(Isle la Motte, VT) Goodsell Ridge (Fossil)

Gastropod and cephalopod fossils seen in Goodsell Ridge (near 44.8537, -73.3395), Monday Apr. 8, 2024, on Isle la Motte, VT.  Credits: Geo Field Report

Northern New England (VT, NH, and ME) is known for granite.  In fact, New Hampshire is nicknamed the "Granite State".  Granite is an igneous rock, formed by magma cooling underground.  Any organism trapped in magma likely would not leave a trace due to the extreme heat, so basically one can never find fossils in igneous rocks such as granite.

However, three of the Lake Champlain islands make up the Chazy Fossil Reef National Natural Landmark (Isle la Motte and Garden Island in VT, and Valcour Island in NY).  These islands have different rock compositions from their neighboring islands, being made up with limestone, and have preserved a great amount of fossils.  The fossils are from 450+ million years ago when the area was still under the sea level.  Gastropods (snails), cephalopods (octopi/squids), and other marine animals built the Chazy Reef, which is the oldest known diverse fossil reef in the world.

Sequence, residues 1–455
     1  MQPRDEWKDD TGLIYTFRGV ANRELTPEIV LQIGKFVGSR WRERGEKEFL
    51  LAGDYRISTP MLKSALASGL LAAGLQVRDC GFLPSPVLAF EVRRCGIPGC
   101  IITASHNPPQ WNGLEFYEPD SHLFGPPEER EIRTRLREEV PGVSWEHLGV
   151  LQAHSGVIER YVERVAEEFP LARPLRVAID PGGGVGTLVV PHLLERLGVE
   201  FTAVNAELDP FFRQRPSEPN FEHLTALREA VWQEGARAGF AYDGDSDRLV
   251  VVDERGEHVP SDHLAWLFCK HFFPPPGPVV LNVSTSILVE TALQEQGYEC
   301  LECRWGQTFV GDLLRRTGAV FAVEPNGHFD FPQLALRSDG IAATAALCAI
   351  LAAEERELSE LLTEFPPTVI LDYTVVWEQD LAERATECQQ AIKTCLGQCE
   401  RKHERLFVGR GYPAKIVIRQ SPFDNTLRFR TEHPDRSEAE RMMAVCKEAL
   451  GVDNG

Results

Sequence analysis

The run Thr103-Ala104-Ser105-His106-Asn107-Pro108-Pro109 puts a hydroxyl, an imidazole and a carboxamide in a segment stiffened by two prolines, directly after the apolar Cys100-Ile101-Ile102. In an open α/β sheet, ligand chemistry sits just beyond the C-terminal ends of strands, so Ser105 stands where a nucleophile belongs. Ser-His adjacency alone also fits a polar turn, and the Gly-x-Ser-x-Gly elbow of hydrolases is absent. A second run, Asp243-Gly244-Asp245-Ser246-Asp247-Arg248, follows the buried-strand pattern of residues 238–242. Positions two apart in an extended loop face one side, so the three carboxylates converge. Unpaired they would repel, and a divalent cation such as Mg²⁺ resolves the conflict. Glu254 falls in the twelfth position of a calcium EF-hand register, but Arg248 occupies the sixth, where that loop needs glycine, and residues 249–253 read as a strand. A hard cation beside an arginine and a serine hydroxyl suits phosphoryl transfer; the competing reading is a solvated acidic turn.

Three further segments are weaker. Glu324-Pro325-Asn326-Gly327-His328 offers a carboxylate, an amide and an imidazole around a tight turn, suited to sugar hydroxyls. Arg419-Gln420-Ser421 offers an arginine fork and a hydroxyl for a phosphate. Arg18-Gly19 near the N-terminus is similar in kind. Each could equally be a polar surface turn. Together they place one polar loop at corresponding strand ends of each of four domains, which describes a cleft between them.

We visited the Goodsell Ridge Preserve and Fisk Quarry Preserve on Isle la Motte in hope to find some marine fossils.  We were not disappointed.  Goodsell Ridge has some "discovery zones" with bare limestone rocks, and we found a spot where multiple fossils were in close proximity from each other.  In contrast, Fisk Quarry was more of an open field; we found a couple gastropods, but took quite a bit more effort.

Extended reading:

(Vermont State Department of Environmental Conservation) Chazy Reef at Isle la Motte

(National Park Service) Chazy Fossil Reef


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